TALLAHASSEE, Fla. -- Pediatricians are praising a federal judge's ruling against a state law that tried to ban doctors from asking patients if they had a gun in the home.
State lawmakers passed the so-called Firearm Owners Protection Act last year, calling it an effort to protect the privacy of gun owners.
But doctors sued, saying the law interfered with the doctor-patient relationship and violated their First Amendment right of free speech.
The judge blocked enforcement of the law.
Dr. Paul Robinson says pediatricians should be able to talk with parents about a whole range of safety issues, including swimming pools, fire, chemicals and guns.
Robinson says those conversations are critical because the number one cause of death among children is accidents.
"So we have to do things that keep our children safe and it's pediatricians' jobs and family physicians' jobs and all primary care providers' jobs to help us help parents do that."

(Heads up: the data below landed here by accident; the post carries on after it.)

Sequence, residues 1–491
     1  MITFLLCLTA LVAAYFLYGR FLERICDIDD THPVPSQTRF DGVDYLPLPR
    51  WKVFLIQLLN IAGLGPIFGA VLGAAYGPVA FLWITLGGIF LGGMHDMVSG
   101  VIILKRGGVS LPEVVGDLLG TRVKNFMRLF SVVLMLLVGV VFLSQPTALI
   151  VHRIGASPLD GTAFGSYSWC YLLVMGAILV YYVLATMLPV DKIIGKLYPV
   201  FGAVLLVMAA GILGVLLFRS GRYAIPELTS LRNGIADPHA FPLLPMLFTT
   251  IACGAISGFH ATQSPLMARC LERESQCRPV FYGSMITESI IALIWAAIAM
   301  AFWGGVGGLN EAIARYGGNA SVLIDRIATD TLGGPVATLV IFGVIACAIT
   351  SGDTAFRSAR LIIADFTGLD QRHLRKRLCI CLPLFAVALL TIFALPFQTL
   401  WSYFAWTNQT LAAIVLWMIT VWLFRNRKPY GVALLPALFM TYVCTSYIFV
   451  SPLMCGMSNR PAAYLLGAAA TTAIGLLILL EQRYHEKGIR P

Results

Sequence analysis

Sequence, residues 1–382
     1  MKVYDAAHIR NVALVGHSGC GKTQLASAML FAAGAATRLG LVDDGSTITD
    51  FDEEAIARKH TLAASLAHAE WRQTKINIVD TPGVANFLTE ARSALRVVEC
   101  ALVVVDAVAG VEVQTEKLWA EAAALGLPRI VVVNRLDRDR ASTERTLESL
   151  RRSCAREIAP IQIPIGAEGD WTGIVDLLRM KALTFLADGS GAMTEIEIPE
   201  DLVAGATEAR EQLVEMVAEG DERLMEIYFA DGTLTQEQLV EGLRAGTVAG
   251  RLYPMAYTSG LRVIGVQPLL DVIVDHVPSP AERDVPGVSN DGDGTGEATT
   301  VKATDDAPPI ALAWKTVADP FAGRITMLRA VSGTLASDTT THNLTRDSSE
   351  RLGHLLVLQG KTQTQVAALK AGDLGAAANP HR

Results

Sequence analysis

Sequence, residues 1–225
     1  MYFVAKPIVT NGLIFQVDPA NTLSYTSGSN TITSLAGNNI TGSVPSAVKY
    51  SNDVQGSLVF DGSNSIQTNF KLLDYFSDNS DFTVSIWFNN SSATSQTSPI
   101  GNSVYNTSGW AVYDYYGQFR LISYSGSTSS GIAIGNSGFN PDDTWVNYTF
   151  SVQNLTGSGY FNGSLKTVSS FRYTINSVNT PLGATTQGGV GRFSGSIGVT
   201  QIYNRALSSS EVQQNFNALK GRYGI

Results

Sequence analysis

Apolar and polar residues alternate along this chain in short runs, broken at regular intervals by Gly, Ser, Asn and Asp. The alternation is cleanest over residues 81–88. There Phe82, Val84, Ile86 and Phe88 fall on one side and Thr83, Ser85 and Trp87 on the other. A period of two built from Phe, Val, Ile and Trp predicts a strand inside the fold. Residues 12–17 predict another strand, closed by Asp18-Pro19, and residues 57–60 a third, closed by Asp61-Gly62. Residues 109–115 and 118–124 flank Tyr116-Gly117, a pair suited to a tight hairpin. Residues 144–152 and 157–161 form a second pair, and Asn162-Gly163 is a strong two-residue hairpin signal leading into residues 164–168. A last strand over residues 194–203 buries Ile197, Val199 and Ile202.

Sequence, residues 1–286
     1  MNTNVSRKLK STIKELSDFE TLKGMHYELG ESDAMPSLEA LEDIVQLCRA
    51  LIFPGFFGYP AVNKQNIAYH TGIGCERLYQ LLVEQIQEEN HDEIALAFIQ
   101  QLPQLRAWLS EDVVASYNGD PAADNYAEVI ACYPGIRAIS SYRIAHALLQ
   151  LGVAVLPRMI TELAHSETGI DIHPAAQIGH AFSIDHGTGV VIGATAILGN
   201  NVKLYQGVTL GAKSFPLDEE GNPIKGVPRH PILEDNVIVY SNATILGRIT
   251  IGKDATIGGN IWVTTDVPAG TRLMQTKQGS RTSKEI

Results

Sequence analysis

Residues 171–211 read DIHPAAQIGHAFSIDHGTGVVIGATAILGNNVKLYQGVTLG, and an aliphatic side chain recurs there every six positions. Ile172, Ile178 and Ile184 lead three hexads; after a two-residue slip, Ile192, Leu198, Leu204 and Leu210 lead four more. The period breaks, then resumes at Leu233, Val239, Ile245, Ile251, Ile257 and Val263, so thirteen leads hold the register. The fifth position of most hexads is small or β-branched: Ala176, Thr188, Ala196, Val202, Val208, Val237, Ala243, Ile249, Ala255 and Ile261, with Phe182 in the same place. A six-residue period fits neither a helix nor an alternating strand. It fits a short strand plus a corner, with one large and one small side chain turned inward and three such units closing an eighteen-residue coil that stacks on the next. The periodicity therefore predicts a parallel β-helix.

Robinson says even though the law allowed doctors to offer information about gun safety, the measure had a chilling effect on those conversations with parents.
"I think many pediatricians were very afraid to even say anything about guns because they were afraid they might be charged under this law. Even though the people who did the law said it was OK just to give information, I think many pediatricians were afraid to even do that."
The law was challenged by the Florida Chapter of the American Academy of Pediatrics and the Brady Center in Washington, D.C.
The Brady Center reports eight children die from guns every day.
First Coast News